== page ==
“Why would girls wear filmy sundresses and cowboy boots on the train?”

Whenever Mike rides Marta to (and from) work, he asks me questions about the fashion trends he sees.

“I rode the train back home last night and saw somethin’ strange.”

“Was it the lady who holds the standing rail between her buttcheeks instead of her hands?”

“No! Nothin’ that exciting.” Mike laughed. “I was just wonderin’ — why would girls wear filmy sundresses and cowboy boots on the train?”

“What age group were the girls?”

“High schoolers. Their moms were wearin’ the same type of outfits! What event has that dress code?”

“Were they white girls?”

“Yeah, most of ’em were blondes.”

“There was a Taylor Swift concert at the Philips Arena last night, so that’s probably where they went.”

“That’d make sense! They got off at the Civic Center stop.” Mike frowned, “My spouse would be appalled to see their impractical use of boots.”

“True, your wife wears boots because actually works on farms with horses.” I added, “She’d also think Taylor Swift was pop, not country.”

“I heard that song about some guy bein’ trouble walkin’ in.”

“What’d you think?”

“She’s definitely not country. Plus that song’s got that womp-womp-womp dubstep echo shit y’all like.”

“Valid points.”

“Whatever happened to Dolly? Or Reba? Even she was more country than that!”

“Dolly still performs, though the excessive Botox seems to limit her range. Reba is an actress now.”

“I’ve lost all hope for the future of country music if it’s come to this.”

“Maybe Taylor Swift will go back to her roots after this album.”

“The girl’s from suburban Pennsylvania — her roots are less country than yours!”

“I lived in Birmingham for eight years.”

“Exactly my point.”

“You haven’t heard my awesome rendition of ‘Friends in Low Places.'”

“Karaoke night for the next company outing! Gotta let everyone in on your secret penchant for Garth Brooks.”

“I just like that one song.”

“That’s what they all say.”

“Okay, there’s also the one with my name in it that’s decent –”

“You have his whole anthology, don’tcha?”

“…”

“I knew it!”

“You can’t tell anyone!”

“Nah, you’re losin’ your street cred today, ma’am!”

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Three deadly sins

I. Wrath

When Brie was diagnosed with autism, I became her defender. I was an aggressive crusader against people who said “retarded” or “retard” in a derogatory way (or ever, really).

Tenth grade was the height of my belligerence. On a bus ride after a marching band competition, an obnoxious drummer was impersonating a boy with Downs Syndrome from a rival band.

“I’m a reeetaaaard.” He kept repeating as he intentionally tripped down the bus aisle.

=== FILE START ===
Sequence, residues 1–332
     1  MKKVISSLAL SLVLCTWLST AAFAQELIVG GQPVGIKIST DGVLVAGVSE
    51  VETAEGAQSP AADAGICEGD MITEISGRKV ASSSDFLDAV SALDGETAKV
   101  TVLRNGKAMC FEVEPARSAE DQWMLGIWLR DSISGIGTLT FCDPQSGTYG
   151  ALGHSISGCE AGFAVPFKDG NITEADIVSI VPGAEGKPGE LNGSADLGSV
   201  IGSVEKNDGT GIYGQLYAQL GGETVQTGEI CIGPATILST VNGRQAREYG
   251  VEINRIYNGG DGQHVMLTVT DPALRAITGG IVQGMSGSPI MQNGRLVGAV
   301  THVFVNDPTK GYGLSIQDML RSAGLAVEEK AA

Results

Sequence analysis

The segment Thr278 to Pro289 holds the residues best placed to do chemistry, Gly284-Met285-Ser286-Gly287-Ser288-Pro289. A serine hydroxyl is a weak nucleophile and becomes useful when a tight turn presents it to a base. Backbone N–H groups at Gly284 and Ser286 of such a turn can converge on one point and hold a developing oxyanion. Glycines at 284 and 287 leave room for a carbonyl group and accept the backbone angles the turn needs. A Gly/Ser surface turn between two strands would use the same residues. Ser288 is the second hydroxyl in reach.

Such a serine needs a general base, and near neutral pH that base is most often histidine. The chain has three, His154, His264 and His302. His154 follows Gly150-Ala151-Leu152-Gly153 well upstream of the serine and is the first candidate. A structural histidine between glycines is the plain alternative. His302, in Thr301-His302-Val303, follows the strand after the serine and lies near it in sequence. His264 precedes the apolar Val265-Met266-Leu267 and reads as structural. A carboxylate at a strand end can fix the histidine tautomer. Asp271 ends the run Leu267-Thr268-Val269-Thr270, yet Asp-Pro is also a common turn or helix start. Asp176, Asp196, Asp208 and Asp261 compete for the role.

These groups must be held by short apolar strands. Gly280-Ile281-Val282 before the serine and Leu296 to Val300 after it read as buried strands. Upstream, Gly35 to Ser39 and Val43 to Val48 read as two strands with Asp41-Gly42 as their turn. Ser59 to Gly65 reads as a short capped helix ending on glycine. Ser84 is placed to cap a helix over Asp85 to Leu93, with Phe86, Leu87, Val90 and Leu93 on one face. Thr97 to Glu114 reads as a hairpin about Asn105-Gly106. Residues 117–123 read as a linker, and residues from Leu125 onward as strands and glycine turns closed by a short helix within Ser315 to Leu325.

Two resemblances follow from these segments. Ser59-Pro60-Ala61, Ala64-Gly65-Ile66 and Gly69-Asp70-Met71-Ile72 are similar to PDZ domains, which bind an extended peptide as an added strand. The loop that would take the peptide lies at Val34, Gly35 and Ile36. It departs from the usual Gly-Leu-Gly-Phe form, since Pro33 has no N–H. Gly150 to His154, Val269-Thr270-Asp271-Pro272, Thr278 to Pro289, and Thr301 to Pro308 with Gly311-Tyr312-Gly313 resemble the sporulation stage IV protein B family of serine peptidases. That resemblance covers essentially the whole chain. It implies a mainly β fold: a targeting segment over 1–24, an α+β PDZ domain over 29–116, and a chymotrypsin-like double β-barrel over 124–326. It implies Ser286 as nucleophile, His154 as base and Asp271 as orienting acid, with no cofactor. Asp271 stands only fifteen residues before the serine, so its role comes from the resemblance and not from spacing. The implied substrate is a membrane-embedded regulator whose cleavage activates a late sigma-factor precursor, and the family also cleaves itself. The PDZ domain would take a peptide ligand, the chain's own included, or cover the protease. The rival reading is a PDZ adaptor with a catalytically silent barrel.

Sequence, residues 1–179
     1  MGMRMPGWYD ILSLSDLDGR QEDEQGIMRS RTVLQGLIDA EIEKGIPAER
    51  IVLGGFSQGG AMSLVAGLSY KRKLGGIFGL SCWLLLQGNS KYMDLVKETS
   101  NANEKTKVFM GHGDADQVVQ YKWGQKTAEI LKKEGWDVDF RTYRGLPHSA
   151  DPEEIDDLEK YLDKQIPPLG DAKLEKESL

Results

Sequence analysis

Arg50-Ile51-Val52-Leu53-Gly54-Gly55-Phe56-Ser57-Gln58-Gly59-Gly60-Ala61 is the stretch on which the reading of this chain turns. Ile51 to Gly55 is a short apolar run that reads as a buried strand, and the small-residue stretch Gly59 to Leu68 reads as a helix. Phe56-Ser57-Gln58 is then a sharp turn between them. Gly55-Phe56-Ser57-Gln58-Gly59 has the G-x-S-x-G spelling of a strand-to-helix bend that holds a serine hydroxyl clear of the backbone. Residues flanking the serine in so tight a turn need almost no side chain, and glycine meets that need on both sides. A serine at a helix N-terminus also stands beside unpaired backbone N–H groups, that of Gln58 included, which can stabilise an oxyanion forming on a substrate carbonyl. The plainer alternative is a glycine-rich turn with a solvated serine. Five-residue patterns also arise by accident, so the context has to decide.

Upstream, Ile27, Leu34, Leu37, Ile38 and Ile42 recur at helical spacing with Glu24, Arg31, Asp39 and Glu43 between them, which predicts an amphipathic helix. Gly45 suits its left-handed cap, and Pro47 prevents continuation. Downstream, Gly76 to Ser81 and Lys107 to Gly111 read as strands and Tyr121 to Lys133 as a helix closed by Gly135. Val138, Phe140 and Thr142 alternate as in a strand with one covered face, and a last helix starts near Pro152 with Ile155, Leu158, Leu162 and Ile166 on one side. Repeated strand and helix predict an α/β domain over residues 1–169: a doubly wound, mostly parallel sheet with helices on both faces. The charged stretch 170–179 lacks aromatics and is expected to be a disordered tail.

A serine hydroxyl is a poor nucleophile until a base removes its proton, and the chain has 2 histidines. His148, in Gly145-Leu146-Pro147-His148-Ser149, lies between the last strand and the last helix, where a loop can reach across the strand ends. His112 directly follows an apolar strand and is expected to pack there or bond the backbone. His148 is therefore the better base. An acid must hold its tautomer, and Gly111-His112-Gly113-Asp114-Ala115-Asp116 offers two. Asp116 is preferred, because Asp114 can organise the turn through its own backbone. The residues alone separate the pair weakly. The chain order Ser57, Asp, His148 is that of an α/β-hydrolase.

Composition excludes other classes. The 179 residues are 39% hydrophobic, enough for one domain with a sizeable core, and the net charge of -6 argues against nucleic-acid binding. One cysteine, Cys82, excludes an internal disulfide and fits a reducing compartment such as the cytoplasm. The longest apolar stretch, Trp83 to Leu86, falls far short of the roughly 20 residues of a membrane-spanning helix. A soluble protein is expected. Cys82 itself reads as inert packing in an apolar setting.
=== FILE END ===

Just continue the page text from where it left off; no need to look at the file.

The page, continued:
I tapped him on the shoulder and slapped him across the face as he turned around.

“What gives you the right to make fun of that boy?! You’re pathetic — making fun of a kid who can’t defend himself.”

“Damn — I was just joking, Sam.”

“Did it ever occur to you that he’s someone’s brother? Or maybe, that I’ve got a sister who’s in special ed? Or that other people do, too?”

“No it didn’t. Shit. I’m sorry.”

II. Envy

When you’re a former chubby girl, it’s hard to overcome body image issues even after you’ve lost weight. Most days, I believed what I saw in the mirror and in photos. Every once in awhile, old insecurities crept into the back of my mind.

Andrea is lovely. She has long eyelashes and brown hair. Her favorite food groups are cheese and bacon, but she’s naturally slim. She’s also one of the smartest and quirkiest people I know. We’ve been The Ridiculous for over a decade, so it’s uncertain whether we react to things similarly because we’ve been best friends so long, or if that’s why we became friends in the first place.

In college, there were times when guys (acquaintances, not friends or romantic prospects) would say,

“Your friend’s hot. Hook me up?”

I would laugh. “You wouldn’t stand a chance.”

Yet self-loathing mantras of days past persisted.

Your best friend is hot. You’re the funny, sassy one. Why would someone ever think you’re pretty?

III. Pride

When I was in middle school, there was no one more insufferable to have as a classmate than me. I went to a small Catholic school in Birmingham with less than fifty kids per grade (from preschool to eighth grade). I was the Filipino Hermione Granger from Harry Potter and the Sorcerer’s Stone and due to the size of the school, most people knew it.

In eighth grade, my group of friends was constantly getting dragged into the guidance counselor’s office because of another group of girls. Our group was comprised of overachievers. We won the spelling and geography bees. We had the highest test scores. We genuinely liked and got along with our teachers.

The other group was comprised of the girls who were wearing full makeup in sixth grade. By eighth grade, they either were or knew people who were partying with their older siblings who went to the Catholic high school. The situation was a Taylor Swift song personified.

The other group’s queen bee and I would get into emailing wars. We accused each other of talking shit. Finally, our homeroom teachers staged an intervention, Mean Girls style. We gathered in a circle and each girl aired her grievances. Tears were shed. Everyone got along (for the moment).

Still, I couldn’t help but chuckle to myself because the queen bee claimed that our group was put on a podium, not a pedestal.